When some were concerned Lucille sounded too old for the queen, director Dave Hand remarked, “The main point of argument is really that La Verne knows how to deliver lines. We are willing to sacrifice a little to get that correct delivery, that punch we need.”

With a statuesque figure, pencil thin eyebrows, and full red lips, the visual design for the queen was based on the 1930’s standard of beauty – think Joan Crawford with a dash of Gale Sondergaard. But for the Queen’s haggard form, no better reference existed than Lucille herself, the queen of such roles.

(Pun not intended, well…maybe)

“The Witch was conceived before Lucille was cast but I would say that she inspired the final model sheet. We picked up her expressions, which were very broad and caricatured.”

-Disney Artist, Joe Grant

Firstly, concept artist and illustrator Gustaff Tengren drew up a concept of the character, then animator Norm Ferguson took the design and infused it with Lucille’s personality. He exaggerated her most expressive features – her intense eyes, knowing brow, and mischievous grin.

In live action referencing, the animators noticed as the Witch Lucille’s stance changed and her actions became broader. You can really see Lucille’s stage experience coming through her performance, as the Witch’s movements are highly theatrical.

Just how did she change her voice for the Witch? (I hear you asking)

Joe Grant recalled, “Lucille was already a very famous stage and film actress. She was very willing and very obliging. When she first did the voice we didn’t think it was ‘witchy’ enough and then she came up with the idea of taking her teeth out.

As a result of it, it gave that wet sort of sound. Her jaws collapsed and she was the witch. She was a pro. We did not have to do too many takes with her, only to try a different interpretation. She was dressed with a cape on.”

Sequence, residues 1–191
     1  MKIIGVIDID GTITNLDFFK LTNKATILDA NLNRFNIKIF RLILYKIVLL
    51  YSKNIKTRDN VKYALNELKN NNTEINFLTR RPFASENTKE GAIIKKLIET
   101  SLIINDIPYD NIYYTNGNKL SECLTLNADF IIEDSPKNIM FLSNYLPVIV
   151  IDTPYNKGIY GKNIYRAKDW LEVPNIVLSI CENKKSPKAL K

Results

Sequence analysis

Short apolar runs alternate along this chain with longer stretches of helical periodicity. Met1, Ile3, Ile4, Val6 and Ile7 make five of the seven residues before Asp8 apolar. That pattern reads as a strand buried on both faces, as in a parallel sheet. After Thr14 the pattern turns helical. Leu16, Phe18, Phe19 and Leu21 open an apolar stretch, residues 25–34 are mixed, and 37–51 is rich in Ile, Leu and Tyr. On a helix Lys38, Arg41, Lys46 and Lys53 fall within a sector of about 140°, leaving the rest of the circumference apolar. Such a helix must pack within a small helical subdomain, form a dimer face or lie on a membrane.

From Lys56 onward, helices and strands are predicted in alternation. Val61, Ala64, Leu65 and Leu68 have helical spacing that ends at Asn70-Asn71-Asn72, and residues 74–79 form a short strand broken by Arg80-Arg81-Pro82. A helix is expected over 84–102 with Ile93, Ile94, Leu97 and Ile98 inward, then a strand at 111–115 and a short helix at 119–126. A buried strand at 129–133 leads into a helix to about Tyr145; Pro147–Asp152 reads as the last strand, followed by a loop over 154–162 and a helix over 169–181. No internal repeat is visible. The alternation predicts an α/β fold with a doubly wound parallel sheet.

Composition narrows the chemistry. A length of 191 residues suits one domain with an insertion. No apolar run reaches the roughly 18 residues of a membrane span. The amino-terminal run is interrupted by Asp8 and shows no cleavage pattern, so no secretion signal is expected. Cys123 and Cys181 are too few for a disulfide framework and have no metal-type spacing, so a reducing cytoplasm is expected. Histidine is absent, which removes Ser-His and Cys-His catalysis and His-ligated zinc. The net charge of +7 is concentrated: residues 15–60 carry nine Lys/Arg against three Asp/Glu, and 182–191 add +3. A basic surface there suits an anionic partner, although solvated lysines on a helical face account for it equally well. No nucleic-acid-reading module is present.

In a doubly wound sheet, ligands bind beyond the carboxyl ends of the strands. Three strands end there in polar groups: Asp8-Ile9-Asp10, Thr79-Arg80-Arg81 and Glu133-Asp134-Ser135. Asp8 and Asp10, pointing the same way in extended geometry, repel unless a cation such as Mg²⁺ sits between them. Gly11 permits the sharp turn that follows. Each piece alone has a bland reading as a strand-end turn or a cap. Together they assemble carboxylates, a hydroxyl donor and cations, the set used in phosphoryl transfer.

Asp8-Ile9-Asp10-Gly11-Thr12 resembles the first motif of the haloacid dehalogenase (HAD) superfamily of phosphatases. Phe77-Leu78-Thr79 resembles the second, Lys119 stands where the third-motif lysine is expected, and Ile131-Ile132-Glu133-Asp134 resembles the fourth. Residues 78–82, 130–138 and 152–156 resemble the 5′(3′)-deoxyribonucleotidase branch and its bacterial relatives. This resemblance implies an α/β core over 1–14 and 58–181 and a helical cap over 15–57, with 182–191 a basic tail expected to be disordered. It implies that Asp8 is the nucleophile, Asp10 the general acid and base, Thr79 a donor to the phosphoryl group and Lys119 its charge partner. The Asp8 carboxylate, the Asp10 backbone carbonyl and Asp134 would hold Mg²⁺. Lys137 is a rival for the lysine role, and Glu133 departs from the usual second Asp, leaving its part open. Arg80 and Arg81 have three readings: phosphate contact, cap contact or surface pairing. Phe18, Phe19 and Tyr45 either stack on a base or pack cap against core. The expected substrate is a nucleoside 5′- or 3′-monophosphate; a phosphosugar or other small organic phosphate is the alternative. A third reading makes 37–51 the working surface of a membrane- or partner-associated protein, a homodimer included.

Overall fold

Walt Disney paid Lucille the ultimate compliment when a writer on the film commented to him about changing some of the Witch’s lines, “All the dialogue sounded bad to me until she (Lucille) read it.”


After Snow White, Lucille retired and co-owned a successful nightclub. After a decade long battle with cancer, she passed away on March 4, 1945.

Lucille La Verne was laid to rest in an unmarked grave in Inglewood Cemetery in Inglewood, California.

Nearly 75 years later, the lovely folk at Silence is Platinum organized a fundraiser to give this legend a proper headstone. And in 2020, their project was completed. Read more about Silence is Platinum and the project here.


Snow White remains and forever will be Lucille’s lasting legacy. What better finale could there be for an actress who’s career had thrived in nearly every medium of visual entertainment available during her lifetime – stage, silents, talkies, and animation. Arguably, perhaps no other actor has enjoyed such a wide range and scope for their talents.